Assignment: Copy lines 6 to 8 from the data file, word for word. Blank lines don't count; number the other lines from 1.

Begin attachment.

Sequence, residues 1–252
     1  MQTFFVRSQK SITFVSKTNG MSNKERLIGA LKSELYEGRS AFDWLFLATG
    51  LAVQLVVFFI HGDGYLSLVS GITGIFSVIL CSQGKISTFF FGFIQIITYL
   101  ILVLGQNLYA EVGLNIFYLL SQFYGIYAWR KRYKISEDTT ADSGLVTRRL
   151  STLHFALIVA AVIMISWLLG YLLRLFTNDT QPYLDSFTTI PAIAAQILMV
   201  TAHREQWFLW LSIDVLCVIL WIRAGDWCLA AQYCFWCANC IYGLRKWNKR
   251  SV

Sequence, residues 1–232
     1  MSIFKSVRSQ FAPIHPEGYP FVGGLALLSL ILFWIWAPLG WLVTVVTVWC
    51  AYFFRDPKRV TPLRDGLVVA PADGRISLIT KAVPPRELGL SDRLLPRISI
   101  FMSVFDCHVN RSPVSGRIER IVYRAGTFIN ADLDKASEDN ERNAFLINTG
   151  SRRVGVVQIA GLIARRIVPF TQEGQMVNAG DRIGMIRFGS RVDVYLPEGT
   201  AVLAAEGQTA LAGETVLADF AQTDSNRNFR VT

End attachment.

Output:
   201  TAHREQWFLW LSIDVLCVIL WIRAGDWCLA AQYCFWCANC IYGLRKWNKR
   251  SV

Sequence, residues 1–232